Since the worst recession since the Great Depression began at the end of 2007, Americans have kept their hands on their wallets, sending sales plummeting and giving the Grinch a run for his money.
Archstone Consulting says all that's about to change. In a holiday shopping report to be published Monday, Archstone predicts 1.5 percent growth. That compares to only 0.4 percent last year and a 3.9 percent drop in 2008.
And Archstone is not alone. IBISWorld Inc. is forecasting a 1.8 percent uptick in all holiday sales, which account for 20 percent of annual retail sales, and the National Retail Federation is predicting a 2.3 percent jump.
The season officially kicks off with Black Friday, Nov. 26, although retailers promoted pre-holiday shopping with such gimmicks as Christmas in July and a throwback to days of yore with layaway plans.
"With slow growth in the U.S. economy, high unemployment, tight credit and foreclosure-related stress in many parts of the country, we do not anticipate a record beating Black Friday," said Dave Sievers, strategy and operations practice leader for Archstone Consulting, a division of The Hackett Group.
"This recession has certainly changed shopping and consumer patterns … Retailers and manufacturers alike are actively changing strategies and tactics to react to those changes."
Sievers predicted shoppers will be looking for bargains yet again, with many putting luxury items back on their wish lists. At the same time, shoppers are sticking more closely to their shopping lists, eschewing impulse buys and still delaying large purchases.
"It may, however, be premature to suggest that the depression era mentality of our grandparents is back. The recent increase in luxury spending suggests the indulgent shopper is still very much alive," Sievers said.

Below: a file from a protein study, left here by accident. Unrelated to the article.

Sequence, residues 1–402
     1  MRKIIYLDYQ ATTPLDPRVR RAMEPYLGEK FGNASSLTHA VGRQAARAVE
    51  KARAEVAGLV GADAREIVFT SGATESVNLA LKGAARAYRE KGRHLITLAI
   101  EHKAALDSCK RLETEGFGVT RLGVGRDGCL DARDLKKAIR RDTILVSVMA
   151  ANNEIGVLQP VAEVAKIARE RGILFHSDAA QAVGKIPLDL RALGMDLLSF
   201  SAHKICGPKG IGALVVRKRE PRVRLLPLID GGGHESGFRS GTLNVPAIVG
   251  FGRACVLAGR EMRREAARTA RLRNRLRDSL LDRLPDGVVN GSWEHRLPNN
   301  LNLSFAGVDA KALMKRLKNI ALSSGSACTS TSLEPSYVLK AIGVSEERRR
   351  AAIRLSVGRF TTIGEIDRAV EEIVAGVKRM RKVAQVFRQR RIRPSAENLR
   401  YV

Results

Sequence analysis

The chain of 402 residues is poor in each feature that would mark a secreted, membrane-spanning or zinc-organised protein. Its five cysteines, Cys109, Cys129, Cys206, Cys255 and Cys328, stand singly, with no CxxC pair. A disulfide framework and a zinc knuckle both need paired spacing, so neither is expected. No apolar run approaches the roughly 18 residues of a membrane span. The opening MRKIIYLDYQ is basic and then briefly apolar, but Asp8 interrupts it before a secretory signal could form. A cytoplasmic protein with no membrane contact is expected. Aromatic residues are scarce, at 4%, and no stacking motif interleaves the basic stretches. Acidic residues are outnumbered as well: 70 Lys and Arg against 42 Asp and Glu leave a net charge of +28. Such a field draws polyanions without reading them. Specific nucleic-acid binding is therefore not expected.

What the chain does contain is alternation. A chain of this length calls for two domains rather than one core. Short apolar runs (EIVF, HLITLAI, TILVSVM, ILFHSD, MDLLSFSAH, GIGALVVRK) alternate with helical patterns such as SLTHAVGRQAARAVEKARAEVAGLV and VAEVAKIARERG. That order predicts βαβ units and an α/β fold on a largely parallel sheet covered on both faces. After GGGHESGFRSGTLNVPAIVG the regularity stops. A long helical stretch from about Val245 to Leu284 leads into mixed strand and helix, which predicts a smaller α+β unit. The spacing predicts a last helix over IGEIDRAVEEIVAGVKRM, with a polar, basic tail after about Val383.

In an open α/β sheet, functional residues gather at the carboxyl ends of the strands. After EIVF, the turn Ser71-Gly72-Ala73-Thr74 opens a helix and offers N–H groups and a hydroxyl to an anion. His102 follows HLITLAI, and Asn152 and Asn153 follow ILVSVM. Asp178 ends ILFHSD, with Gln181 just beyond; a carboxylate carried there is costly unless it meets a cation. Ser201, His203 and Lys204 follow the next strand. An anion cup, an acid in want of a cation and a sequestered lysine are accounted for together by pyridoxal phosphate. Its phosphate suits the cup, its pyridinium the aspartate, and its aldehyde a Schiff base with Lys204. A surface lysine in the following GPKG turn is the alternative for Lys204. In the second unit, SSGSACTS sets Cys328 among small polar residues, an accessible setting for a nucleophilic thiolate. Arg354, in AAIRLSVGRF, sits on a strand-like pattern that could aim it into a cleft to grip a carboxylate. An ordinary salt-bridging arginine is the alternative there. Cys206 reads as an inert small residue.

Credit remains a problem. Total consumer loans and credit cards were off 2 percent from last year as of August and interest rates on credit cards are nearly a point-and-a-half higher than last year. Consumer confidence is still falling as home foreclosures are once again increasing.
Sievers said retailers may be shooting themselves in the foot with all the early Christmas marketing.
"Aggressive promotions can increase sales for the retailer driving the promotion. However, it also shifts sales from later in the season to earlier in the season and from one retailer to another," he said. "Unfortunately, it becomes a race for many retailers to grab share early, which in the aggregate across the sector may not be the most effective use of promotions, particularly when Christmas competes aggressively with Halloween."
So what will consumers be looking for? Clothing and toys will top shopping lists, NPD Group predicted.
Fragrance- and flavor-maker Arlylessence has another take: The company's TrendWatch found Americans are looking for sensuous and emotional experiences.
"People are demanding the best quality, multiple benefits, maximum performance and less waste from products that cost less, including private label brands -- but they also want exotic, super-ingredients like acai, lulo and acerola; natural, soothing products that nurture and protect; and stimulating foods and flavors they have never tasted before; all sourced in sustainable, earth-friendly ways," Marketing Director Lori Miller Burns said.
The report also found nostalgia is back in style, with renewed interest in vintage classics and old-world aristocracy.